Bank forecloses on 200 acres in Powhatan


Undeveloped lots at Mill Station in Powhatan are headed for auction. (Photos by Brandy Brubaker)

Undeveloped lots at Mill Station in Powhatan (Photos by Brandy Brubaker)

Around 200 acres of a Powhatan subdivision went back to the bank at a foreclosure auction Thursday.

Thirty vacant lots in the Mill Station neighborhood and a nearby 64-acre parcel were returned to C&F Financial on the steps of the Powhatan County courthouse. C&F now controls Central Virginia Bank, the bank that put the property up for foreclosure. 

The auction attracted a crowd of about 20 with bids going as high as $700,000 for the vacant lots and $150,000 for the parcel – but none came close to C&F’s starting price. So the properties went back to the bank for $1.17 million for the lots and $400,000 for the parcel.

A bank representative would not comment Thursday. But Chip Bliley, an attorney with Williams Mullen and trustee for the foreclosure, said the bank would be willing to talk to people interested in making offers on individual lots.

The Mill Station lots, off Mill Quarter Road, had been owned by BCJ LLC. County records show PABC Inc. owned the 64-acre parcel, which is off Red Lane, near Route 60. Developers James Blandford and Robert Hertzler were behind both companies.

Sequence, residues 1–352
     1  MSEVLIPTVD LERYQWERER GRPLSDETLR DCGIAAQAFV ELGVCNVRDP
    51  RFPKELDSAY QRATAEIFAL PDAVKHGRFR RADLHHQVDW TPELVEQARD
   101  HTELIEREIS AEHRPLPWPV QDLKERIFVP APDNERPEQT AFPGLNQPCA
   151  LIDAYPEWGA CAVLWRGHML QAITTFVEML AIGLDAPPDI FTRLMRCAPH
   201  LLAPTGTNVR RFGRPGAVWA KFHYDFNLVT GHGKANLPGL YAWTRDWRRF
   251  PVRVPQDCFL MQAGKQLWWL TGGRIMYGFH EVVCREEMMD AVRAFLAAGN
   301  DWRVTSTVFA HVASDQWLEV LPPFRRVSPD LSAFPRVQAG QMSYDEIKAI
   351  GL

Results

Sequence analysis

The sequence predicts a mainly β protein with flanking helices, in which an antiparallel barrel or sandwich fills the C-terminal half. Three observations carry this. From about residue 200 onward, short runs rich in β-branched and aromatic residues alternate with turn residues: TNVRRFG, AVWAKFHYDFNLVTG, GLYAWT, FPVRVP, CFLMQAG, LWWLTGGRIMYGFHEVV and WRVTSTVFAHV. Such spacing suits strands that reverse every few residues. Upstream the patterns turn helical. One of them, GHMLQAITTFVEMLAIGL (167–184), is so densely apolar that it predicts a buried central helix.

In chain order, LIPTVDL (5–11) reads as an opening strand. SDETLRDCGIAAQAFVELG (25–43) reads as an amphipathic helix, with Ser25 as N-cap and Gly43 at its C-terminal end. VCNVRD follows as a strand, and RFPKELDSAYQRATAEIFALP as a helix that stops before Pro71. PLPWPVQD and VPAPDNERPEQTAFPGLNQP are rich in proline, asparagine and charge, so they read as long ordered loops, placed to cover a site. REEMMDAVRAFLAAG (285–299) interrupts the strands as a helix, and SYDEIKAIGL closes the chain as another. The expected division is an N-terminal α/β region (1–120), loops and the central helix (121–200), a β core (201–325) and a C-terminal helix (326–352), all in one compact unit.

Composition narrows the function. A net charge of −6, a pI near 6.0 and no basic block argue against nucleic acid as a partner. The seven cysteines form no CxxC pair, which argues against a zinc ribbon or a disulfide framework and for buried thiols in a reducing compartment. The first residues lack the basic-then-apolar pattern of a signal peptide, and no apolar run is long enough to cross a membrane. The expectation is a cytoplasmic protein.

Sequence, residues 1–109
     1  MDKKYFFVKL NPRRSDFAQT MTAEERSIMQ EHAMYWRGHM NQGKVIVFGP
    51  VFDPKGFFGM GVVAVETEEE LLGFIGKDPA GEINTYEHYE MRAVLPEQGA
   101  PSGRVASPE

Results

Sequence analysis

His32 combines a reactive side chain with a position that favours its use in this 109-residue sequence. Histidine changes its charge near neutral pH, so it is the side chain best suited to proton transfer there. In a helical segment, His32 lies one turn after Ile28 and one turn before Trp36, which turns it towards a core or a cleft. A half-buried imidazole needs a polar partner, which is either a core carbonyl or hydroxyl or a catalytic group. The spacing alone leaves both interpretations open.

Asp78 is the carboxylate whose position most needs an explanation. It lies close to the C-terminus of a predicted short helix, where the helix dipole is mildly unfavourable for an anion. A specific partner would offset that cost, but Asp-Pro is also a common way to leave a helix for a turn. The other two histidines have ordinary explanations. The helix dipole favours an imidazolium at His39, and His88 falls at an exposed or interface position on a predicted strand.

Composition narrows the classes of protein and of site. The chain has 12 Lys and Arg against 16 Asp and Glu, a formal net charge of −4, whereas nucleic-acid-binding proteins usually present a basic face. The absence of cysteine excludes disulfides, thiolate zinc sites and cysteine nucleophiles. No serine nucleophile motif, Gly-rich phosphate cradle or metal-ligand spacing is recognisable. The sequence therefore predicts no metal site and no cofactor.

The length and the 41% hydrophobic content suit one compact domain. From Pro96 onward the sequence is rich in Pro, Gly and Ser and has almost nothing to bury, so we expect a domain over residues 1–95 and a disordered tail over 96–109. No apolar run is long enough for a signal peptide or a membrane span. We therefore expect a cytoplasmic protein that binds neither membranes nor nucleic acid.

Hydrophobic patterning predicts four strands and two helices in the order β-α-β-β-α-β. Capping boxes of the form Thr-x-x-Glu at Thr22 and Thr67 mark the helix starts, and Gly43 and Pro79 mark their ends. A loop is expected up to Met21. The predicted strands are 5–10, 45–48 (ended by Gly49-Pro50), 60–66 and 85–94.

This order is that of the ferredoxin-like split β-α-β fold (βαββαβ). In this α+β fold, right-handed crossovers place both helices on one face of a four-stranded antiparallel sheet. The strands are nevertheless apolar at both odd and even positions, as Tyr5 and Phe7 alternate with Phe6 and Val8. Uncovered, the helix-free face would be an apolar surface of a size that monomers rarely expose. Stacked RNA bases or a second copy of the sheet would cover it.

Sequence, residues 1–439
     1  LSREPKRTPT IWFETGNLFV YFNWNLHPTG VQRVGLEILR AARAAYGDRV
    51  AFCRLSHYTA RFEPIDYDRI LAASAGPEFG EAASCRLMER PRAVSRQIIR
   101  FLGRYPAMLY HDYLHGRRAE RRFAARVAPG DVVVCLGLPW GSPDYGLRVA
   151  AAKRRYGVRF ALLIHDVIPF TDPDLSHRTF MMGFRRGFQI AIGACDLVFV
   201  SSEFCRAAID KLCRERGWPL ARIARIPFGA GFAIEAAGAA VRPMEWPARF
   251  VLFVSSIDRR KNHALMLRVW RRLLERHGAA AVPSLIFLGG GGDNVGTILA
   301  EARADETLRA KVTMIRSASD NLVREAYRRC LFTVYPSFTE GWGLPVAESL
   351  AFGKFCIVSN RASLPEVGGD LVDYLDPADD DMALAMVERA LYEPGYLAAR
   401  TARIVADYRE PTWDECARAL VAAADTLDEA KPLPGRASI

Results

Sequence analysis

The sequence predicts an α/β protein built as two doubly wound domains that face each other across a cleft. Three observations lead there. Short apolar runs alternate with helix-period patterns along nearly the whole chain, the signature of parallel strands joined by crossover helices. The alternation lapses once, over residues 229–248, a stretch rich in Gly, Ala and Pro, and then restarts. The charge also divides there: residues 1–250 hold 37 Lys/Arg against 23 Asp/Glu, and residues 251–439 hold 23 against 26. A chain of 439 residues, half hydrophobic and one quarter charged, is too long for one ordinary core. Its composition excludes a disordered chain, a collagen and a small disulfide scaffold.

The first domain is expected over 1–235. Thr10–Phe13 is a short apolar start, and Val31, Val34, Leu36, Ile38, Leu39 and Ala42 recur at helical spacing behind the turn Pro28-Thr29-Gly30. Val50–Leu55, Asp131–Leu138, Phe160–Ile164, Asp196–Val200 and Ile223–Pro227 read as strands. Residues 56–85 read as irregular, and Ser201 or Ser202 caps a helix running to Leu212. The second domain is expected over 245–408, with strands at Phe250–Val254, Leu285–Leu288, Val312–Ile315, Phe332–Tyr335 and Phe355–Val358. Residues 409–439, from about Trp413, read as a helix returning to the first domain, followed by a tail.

Powhatan County Circuit Court records show that in December, Central Virginia Bank won a judgment against BCJ LLC in the amount of $2.82 million. The bank postponed a February auction date.

Blandford previously said they purchased the land for Mill Station in 2006. The development took off quickly, then slowed dramatically during the economic downturn, he said. Sales were starting to pick back up last year. But by then, the bank had already started the foreclosure process, he said.

Blandford said they tried to save the property but couldn’t reach a deal with the bank. He declined to comment when reached by telephone after the auction Thursday.

A group gathered at Powhatan County's courthouse Thursday for the auction. (Photo by Brandy Brubraker.)

A group gathered at Powhatan County’s courthouse Thursday for the auction. (Photo by Brandy Brubraker.)

Fred Shaia was one of the bidders for the 30 lots. He said he developed Woodside Estates, a subdivision in Ashland and was interested in Mill Station – just not enough to outbid the bank.

“I think it’s a beautiful piece of property,” he said.

Thursday’s auction was to include 34 Mill Station lots, but four recently sold.

According to county records, the properties offered at auction total about 200 acres and have a land value of more than $3 million.

Many of Mill Station’s 71 lots have already been sold and built on. A sign at Mill Station said homes there start in the mid-$300,000s and are constructed on two- to 13-acre lots.

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